chronic illness

My Turn Being The Spouse, Not Patient: Importance of Caregiver Support



My husband and I are both spoonies. John has been type 1 diabetic since he was 8  years old and has spent every summer for the last 20 years at Camp Carolina Trails, a summer camp designed to educate and empower young people with diabetes. He started out as a camper and is now the assistant director. One of the things that inspires me the most about my husband is his dedication to raising awareness and and support for those living with diabetes. His motto is “diabetes is a gift, not a curse” as he sees his diabetes as a way to minister and serve others. Health activism is something we feel deeply passionate about and it is awesome to share this passion and support and encourage one another along the way.

In the 12 years that John and I have been together, we have been lucky to not encounter any major scares outside of the “normal” highs and lows that accompany life with diabetes. No passing out from blood sugars that are too low or hospitalizations from ketones. We have never even had to visit the ER.

Until last week.

After entering the wrong bolus amount on his insulin pump, we were very concerned about the possibility of a dangerous low so we headed to the ER to be safe. Thankfully other than Zofran for nausea, John did not require any other intervention but were glad that we made the trip just in case.

Even though it was only an IV, I absolutely hated seeing John poked and prodded and not feeling well in the hospital bed. I just wanted to make him feel better and would have easily taken his place if I could have.

It was in that moment that I realized what John has had to endure during my many surgeries and hospitalizations over the last 12 years. It hurt to watch my husband get an IV but in the scope of things, I had it easy.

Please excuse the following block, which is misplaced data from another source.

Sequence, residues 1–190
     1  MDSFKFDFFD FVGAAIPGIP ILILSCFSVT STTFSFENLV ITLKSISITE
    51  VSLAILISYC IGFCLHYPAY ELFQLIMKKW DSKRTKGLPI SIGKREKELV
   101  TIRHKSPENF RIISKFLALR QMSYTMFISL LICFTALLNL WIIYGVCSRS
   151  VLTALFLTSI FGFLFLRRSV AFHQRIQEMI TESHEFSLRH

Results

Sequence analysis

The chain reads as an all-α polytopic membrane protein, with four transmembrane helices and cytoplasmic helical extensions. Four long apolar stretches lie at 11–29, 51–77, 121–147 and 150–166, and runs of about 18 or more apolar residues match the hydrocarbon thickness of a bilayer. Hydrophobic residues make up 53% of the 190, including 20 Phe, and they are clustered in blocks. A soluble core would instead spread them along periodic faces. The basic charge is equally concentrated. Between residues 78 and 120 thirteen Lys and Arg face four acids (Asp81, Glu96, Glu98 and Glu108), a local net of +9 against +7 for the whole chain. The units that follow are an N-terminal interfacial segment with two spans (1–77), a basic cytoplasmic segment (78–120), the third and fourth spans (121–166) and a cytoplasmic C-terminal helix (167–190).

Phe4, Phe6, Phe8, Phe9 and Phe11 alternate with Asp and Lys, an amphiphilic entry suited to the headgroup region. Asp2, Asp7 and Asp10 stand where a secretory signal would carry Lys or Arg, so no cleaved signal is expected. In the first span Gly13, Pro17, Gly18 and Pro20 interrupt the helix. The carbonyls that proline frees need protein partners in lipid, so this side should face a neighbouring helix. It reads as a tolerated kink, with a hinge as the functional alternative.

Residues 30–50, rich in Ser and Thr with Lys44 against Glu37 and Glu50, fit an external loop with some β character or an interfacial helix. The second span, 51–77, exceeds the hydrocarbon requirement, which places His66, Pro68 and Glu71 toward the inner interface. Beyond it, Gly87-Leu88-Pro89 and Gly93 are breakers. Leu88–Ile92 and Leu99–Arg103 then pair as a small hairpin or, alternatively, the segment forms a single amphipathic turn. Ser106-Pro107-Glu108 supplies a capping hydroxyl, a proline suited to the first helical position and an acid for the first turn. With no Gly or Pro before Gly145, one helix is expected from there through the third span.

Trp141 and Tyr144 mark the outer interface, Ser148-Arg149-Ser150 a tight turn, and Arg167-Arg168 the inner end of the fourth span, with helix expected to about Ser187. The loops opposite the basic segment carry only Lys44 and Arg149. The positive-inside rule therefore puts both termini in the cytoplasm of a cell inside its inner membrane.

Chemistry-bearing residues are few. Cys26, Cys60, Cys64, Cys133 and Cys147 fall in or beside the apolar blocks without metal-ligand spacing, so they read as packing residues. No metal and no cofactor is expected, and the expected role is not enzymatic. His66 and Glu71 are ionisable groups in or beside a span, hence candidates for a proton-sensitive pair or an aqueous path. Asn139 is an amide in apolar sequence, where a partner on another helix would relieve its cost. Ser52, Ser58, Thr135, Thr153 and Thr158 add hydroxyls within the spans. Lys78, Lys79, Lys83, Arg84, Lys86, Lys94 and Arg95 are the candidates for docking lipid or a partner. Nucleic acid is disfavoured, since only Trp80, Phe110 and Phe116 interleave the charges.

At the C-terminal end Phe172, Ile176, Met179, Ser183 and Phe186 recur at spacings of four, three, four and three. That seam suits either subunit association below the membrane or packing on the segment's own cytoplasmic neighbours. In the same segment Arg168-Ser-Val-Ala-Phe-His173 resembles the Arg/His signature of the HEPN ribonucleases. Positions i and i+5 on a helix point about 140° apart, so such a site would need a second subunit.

I never had to kiss my husband goodbye and watch him get rolled away to the OR. I never had to sit in the waiting room for hours waiting on a call from the doctor to give an update on my husband’s surgery. I never had to sleep in those unbelievablely uncomfortable chairs while my husband was in a hospital bed and hooked up to machines. I never had to get a phone call telling me to get home as soon as I could because my husband had just been readmitted due to complications.

I cannot even begin to imagine what it must have been like to be in his shoes not only once but time and time again.

I know what it felt like to go through countless appointments, treatments, surgeries and hospitalizations. I know what the physical pain felt like. I know how emotionally, mentally, and spiritually exhausting chronic illness can be. I know what it felt like to be the patient.

When you are the patient, I think it is easy to overlook the experience of the caregiver because we can so easily become wrapped up in our own. It is easy to underestimate the burden and exhaustion that comes with being a caregiver and the helplessness one feels when you have to see a loved one suffer and not being able to fix it. It is easy to not see the loneliness that comes with the job of caregiver. The pain and grief of chronic illness is not limited to the patient.

Last week served as a powerful reminder of the importance of caregiver support and deepened my already vast appreciation for John as my husband and my caregiver. I am positive he never imagined that it would be  a role that he would have to take on so early in life but the love, attention, and support he provides is what gets me through the day. I am so thankful for him every minute of every day and thank God that He gave me such an amazing partner to walk through the journey with me and even carry me when I couldn’t move forward on my own. There are not enough words to describe how lucky I am to have him as my husband, how proud I am to be his wife, and how inspired I am by him each and every day.

Have you ever had to take on the role of caregiver? If so, how has it changed your perspective of chronic illness?

chronic illnessfaithfamily

Encouragement for Caregivers

I am so thankful that for today’s prompt my husband graciously volunteered to share about his experience as a caregiver and offer support and encouragement for other caregivers! As we all know chronic illness affects more than just the patient! I am so thankful that God has blessed me with such a strong and tender husband, caregiver, and advocate!